This summary section is not intended to give a full description of composite tabletops for electronic game tables, or to provide a list of features and elements. A detailed description of example embodiments of the electronic gaming system follows.

BRIEF DESCRIPTION OF THE DRAWINGS

FIG. 1 is a top view of a multiplayer electronic game table that has an exemplary composite tabletop.

FIG. 2 is a top view of another multiplayer electronic game table that has an exemplary composite tabletop.

FIG. 3 is a block diagram of an example game processing system for use in an electronic game table that has an exemplary composite tabletop.

FIG. 4 is a diagram of layers of the exemplary composite tabletop.

FIG. 5 is a diagram of the exemplary composite tabletop with layers bonded together.

FIG. 6 is a flow diagram of an exemplary method of constructing an exemplary composite tabletop for electronic game tables.

DETAILED DESCRIPTION

Overview

This disclosure describes composite tabletops for electronic game tables. In one implementation, an exemplary tabletop is a composite structure, utilizing a channeled core that results in a semi-hollow tabletop structure. The channeled core may be constructed of solid foam or built-up foam that is molded, shaped, or cut out to create the channels. The channeled core can be sandwiched between wood, metal, or engineered composite top and bottom layers. The solid or built-up foam channeled core provides tabletop thickness to house electronics and other hardware for the electronic game while providing adequate structural rigidity, reducing weight, absorbing sound created by electronic equipment, optimizing cooling of enclosed components, and cushioning sudden impacts, both during shipping and during game play. The foam channeled core also decreases the weight and shipping costs of an electronic game table.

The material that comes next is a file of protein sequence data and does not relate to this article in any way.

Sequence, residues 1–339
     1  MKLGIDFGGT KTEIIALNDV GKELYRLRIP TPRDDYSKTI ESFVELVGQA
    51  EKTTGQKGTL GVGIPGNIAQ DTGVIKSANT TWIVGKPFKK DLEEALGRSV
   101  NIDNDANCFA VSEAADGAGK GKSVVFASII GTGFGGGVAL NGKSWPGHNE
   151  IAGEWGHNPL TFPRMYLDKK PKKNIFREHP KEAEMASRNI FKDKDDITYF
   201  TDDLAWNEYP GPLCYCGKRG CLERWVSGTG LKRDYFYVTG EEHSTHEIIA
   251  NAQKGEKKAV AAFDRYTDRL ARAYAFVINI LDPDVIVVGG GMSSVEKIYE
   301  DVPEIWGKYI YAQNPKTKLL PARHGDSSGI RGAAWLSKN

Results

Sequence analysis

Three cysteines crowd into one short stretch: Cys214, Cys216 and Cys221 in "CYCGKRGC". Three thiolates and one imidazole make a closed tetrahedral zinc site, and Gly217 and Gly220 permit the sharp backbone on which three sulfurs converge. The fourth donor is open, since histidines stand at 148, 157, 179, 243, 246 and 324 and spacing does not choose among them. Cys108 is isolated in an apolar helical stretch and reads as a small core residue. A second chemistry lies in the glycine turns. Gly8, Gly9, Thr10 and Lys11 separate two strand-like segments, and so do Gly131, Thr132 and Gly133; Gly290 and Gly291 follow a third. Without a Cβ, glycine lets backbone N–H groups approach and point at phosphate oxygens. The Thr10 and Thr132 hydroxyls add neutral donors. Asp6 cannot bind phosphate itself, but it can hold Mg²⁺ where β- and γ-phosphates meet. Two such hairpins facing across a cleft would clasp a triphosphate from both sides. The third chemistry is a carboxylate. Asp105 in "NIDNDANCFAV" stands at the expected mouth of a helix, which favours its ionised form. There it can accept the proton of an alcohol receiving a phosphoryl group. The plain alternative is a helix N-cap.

The channels serve multiple purposes, such as providing routing runs for cables between player stations and a central electronic server core, and directing airflow for cooling electronic or electromagnetic components. Channels for wire routing and for airflow can be designed into the negative space of cut solid foam. Additional layers can be added to the tabletop, for example, a finishing layer that includes a graphic overlay. Using foam to construct the channeled core also provides ease of manufacture as compared to alternative constructions that are more labor intensive (i.e., individual pieces of wood or metal framing). The layers, including the channeled core, can be assembled into a single tabletop piece using an adhesive or mechanical fasteners.

Example Electronic Game Tables

The composite tabletops described herein can be used to create game tables that have a shape or tabletop appearance similar to those described below. The exemplary composite game tabletops and the techniques for constructing them can also be used to make many other shapes and configurations of game tabletops that have the innovative features described herein.

FIG. 1 shows an example layout of an electronic game table 100. The illustrated example game table 100 has an arbitrary size that in shown version seats eight participants maximum. Other implementations can seat a different number of participants. The game table 100 has a user interface for each participant, i.e., participant user interfaces 102, 104, 106, 108, 110, 112, 114, and 116. A participant's user interface 102 may consist of an electronic display for presenting visual images and may further consist of a touch screen display for interactive capability. Depending upon implementation, each participant user interface 102 may also include various other forms of interactive interface, such as pointing devices, light sensors, wagering chip sensors, audio speakers, etc.

The illustrated example game table 100 may also include a common display 118 in the center of the game table 100, for presenting visual information to all participants. The common display(s) 118 may present general information redundantly in two, four, or more visual orientations so that the displayed information is oriented correctly for each participant.

The example electronic game table 100 of FIG. 1 has an example layout that is useful for unhosted card games, although using a live dealer at game table 100 is not ruled out. The example game table 100 as shown typically uses virtual playing cards and virtual chips. However, the game table 100 can be configured to use any combination of real playing cards, virtual playing cards, real wagering chips, and/or virtual gaming chips. When real playing cards are used, a live shoe that reads the identity of each card sends the card identity information to the electronic processor (not shown) that runs the game. When real wagering chips are used, light sensors, optical sensors, scanning technology, weigh cells, RFID technology, etc., may be used with specially constructed chips or conventional standard chips to sense chip presence and chip values. The exemplary electronic game table 100 has an exemplary composite tabletop 120 to be described in more detail below.